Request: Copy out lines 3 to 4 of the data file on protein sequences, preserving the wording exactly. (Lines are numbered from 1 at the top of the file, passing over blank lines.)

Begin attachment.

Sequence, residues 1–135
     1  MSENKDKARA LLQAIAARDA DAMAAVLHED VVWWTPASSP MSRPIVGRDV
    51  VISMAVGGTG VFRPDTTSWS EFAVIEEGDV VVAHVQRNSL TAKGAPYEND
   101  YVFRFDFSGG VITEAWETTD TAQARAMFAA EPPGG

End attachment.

    51  VISMAVGGTG VFRPDTTSWS EFAVIEEGDV VVAHVQRNSL TAKGAPYEND
   101  YVFRFDFSGG VITEAWETTD TAQARAMFAA EPPGG